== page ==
Skip to main content

Fidget Spinner Craze: Explained by Network Effects

The article by USA Today was written back in May, when fidget spinners (little toys that one could spin around their finger to supposedly help with fidgeting) were extremely popular all over the country. Most people learned about fidget spinners because nearly everyone was talking about them at one point. They were such a huge hit that stores like Five Below, as mentioned in the article, had to limit customers to purchasing only two at a time so everyone could get their fair shot at getting one.

What most people don’t know, however, is that these toys had been around for years before they became wildly popular. They were simply used as they were meant to be used: to help children with autism or other disorders to concentrate while in the classroom. Of course, there is no exact answer as to why these became so widely used throughout the country, but it is likely the result of network effects. The article posits a theory that one kid brought a fidget spinner to recess one day, and all his friends wanted one too (and thus went home and asked their parents to buy them one). After that, these kids with their new fidget spinners were having so much fun that their friends outside of school also wanted one (to essentially fit in), and many kids from schools all over the area had these spinning toys after very little time.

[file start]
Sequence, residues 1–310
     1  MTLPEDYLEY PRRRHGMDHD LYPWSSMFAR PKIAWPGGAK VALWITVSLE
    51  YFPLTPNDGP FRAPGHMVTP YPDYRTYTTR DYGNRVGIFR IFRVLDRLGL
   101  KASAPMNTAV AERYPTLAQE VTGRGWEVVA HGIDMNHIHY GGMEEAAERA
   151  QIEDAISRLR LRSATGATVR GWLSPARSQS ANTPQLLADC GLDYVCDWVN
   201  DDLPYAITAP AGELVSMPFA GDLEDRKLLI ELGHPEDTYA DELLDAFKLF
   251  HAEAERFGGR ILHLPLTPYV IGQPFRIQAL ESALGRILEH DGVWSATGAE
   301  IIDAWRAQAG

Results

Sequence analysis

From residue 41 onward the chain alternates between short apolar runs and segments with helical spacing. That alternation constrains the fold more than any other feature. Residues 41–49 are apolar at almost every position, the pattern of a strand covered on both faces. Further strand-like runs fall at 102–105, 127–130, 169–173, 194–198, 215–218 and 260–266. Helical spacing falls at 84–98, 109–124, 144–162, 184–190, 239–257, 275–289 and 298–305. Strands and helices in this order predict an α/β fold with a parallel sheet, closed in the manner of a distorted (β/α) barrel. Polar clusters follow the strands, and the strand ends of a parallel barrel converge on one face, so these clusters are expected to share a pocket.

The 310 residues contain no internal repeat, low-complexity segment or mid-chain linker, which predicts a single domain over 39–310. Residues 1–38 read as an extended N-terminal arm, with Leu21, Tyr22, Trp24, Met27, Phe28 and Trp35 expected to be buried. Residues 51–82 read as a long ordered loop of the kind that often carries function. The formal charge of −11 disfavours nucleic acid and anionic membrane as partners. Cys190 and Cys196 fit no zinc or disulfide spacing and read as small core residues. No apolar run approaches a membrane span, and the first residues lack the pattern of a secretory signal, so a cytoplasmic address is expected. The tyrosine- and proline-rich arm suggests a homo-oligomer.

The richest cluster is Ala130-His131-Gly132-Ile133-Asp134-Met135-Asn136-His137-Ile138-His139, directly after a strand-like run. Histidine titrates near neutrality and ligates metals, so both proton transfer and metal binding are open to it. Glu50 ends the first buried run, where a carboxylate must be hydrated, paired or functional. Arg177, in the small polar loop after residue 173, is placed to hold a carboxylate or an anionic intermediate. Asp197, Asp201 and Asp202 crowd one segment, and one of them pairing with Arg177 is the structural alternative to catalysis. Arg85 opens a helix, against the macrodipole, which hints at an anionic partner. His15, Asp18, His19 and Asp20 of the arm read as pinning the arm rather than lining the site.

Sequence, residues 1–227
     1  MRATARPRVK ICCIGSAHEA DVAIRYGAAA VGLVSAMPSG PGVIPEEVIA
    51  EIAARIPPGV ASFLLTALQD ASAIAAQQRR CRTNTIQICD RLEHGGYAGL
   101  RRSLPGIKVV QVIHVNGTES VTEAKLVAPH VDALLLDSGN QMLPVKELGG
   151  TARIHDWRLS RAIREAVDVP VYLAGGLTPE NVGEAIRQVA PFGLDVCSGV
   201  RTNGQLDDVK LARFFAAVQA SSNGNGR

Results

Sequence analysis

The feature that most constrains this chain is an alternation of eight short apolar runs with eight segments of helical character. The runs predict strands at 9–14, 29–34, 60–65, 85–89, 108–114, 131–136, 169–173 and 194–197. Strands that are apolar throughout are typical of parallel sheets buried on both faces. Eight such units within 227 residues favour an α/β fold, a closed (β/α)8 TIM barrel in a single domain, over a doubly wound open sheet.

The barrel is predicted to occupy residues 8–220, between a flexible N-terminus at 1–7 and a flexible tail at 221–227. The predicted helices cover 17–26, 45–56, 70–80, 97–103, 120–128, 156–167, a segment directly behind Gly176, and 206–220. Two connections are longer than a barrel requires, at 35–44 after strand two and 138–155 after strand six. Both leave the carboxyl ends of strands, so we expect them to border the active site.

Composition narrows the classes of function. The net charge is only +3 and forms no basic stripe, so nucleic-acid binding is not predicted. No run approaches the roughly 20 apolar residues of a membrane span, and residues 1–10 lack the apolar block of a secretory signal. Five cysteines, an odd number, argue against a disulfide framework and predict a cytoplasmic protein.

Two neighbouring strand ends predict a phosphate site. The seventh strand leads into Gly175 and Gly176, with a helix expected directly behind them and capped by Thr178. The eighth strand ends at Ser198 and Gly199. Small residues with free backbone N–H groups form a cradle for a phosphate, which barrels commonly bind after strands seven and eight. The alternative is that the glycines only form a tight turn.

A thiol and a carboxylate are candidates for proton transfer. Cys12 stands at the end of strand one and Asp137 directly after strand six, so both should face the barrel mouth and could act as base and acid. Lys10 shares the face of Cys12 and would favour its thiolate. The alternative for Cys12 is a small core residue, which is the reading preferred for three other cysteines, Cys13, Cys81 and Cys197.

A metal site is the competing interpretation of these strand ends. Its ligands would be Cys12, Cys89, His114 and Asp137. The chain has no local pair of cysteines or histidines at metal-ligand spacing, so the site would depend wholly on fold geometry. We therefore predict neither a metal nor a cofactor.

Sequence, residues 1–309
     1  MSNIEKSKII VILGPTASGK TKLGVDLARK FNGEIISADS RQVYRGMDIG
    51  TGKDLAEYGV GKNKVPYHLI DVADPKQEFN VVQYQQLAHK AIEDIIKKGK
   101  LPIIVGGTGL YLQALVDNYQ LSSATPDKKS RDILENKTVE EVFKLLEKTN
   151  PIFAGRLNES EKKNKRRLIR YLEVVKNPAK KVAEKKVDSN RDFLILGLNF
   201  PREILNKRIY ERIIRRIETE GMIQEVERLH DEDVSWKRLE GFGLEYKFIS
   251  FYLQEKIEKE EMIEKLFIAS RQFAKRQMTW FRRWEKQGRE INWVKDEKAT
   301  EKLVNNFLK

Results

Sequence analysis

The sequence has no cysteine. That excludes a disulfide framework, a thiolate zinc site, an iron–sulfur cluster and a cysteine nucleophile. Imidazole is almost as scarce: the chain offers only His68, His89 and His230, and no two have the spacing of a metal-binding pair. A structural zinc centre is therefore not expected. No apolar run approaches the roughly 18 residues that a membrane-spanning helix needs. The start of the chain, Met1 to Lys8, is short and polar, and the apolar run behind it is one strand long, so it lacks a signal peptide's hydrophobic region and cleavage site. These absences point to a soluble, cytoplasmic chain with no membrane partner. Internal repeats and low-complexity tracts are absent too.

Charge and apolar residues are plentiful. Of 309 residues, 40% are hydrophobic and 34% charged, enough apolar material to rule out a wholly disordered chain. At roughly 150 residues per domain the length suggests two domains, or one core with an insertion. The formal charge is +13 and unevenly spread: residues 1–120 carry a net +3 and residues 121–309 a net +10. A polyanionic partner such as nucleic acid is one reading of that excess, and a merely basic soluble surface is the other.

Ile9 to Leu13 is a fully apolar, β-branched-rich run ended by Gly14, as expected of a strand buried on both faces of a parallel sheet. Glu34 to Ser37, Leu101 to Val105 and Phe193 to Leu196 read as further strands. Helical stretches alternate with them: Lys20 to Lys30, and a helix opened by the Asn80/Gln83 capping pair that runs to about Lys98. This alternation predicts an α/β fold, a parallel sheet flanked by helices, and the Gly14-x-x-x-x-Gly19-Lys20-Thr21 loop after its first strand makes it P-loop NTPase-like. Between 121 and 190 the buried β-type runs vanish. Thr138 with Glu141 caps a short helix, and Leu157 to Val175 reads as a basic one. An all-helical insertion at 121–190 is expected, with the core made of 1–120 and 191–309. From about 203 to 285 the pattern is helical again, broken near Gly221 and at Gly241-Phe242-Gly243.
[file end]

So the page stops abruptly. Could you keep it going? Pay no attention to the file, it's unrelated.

The network effects were very strong in the beginning for this toy, as over 45 million were shipped in May alone ( If the article’s theory is correct, then one student in one school turned this little toy into a huge, profitable business. People from all over the country saw their friends using them or on TV or the internet, and wanted to try for themselves, creating a humongous network effect, which, believably so, lasted only a short period of time.


Leave a Reply

Blogging Calendar

November 2017
« Oct   Dec »